Monday, July 26, 2021
That's a lot of points.
— Lily on how many Alexa "question of the day" points we have
Sunday, July 25, 2021
The South Korean broadcaster MBC showed photographs associating pizza with Italy, Chernobyl with Ukraine and Count Dracula with Romania in its coverage of the opening ceremony.
— Subhead for "Broadcaster Apologizes for ‘Inappropriate’ Images Aired During Olympic Parade," The New York Times
Saturday, July 24, 2021
More mud my man.
— Phrase Isaac and Mason repeated over and over while they played in a pool of water dug on the beach
Friday, July 23, 2021
Lots of you mentioned the cost of analog photography as being a critical aspect of the appeal (the price tag gives it worth)
— @emily_elsie over passage from Nathan Jurgenson's The Social Photo, "Analog images are seen as slow, pricey, and rare to the degree that social photos appear quick, cheap, and abundant. That an old photo could survive as long as it did grants it an authority that the equivalent digital photo taken today may never achieve."
Thursday, July 22, 2021
Pa. High School's Resemblance To The Millennium Falcon: 'It's Really Uncanny'
— CBS Philly headline, google result after looking into "Suggested for You" Star Wars Fans United post on Facebook
Wednesday, July 21, 2021
Because Han Solo says "I'll see you in Hell" in Empire Strikes Back, there's an entire mythology for what Hell is in the Star Wars universe.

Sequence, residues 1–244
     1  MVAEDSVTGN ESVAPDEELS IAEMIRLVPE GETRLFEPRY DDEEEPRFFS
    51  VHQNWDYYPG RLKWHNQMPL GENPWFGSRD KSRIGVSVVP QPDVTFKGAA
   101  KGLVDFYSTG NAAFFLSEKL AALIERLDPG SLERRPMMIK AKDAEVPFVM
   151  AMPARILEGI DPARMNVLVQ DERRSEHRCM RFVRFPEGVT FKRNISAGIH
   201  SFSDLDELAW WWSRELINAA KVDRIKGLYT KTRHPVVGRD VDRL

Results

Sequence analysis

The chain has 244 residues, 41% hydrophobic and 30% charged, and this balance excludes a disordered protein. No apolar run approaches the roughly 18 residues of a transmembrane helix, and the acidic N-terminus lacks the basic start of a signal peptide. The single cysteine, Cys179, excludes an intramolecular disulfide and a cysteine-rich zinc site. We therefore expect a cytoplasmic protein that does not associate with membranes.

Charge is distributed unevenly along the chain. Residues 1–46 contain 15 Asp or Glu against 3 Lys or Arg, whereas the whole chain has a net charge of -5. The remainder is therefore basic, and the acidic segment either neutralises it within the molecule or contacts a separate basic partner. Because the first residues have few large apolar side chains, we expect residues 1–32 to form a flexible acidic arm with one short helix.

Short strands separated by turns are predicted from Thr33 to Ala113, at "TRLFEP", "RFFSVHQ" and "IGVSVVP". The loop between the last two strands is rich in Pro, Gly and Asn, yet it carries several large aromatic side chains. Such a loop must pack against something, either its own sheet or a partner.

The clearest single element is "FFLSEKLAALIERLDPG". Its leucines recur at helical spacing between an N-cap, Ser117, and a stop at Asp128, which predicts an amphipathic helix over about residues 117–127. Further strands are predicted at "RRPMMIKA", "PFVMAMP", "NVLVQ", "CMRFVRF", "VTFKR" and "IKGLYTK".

— "Suggested for You" Star Wars Fans United post on Facebook
Tuesday, July 20, 2021
Any cover that had a number on it sold better than covers without
Monday, July 19, 2021
Morgan Freeman wears earrings that are worth enough to pay for a coffin in case he dies in a strange place.
This is actually an old sailor's tradition.
— "Suggested for You" UberFacts post on Facebook
Sunday, July 18, 2021
Mr. Rosen added that the company’s data showed that 85 percent of its users in the United States had been or wanted to be vaccinated against the coronavirus.
— Cecilia Kang, "Facebook Tells Biden: ‘Facebook Is Not the Reason’ Vaccination Goal Was Missed," The New York Times
Saturday, July 17, 2021
The prosecution of the war stalled. An uneasy truce may have settled over the battlefield. Theban dominance in the eight southernmost provinces was absolute; Herakleopolitan rule over MIddle and Lower Egypt remained unchallenged. And so it might easily have stayed, but for the fact that a divided nation was anathema to the ancient Egyprian world view. Any king worthy of the name had to be Lord of the Two Lands, not merely a provincial potentate.
— Toby Wilkinson, The Rise and Fall of Ancient Egypt
Friday, July 16, 2021
The IBM technologists were frustrated by the complexity, messiness and gaps in the genetic data at the cancer center.
— Steve Lohr, "What Ever Happened to IBM’s Watson?," The New York Times
Thursday, July 15, 2021
— Lily doing a perfect imitation of Jeremia knocking and saying "package"
Wednesday, July 14, 2021
A poem, whatever its uses to historians or social scientists, is only secondarily a political or societal document. What it seeks is validation as a source of value in itself.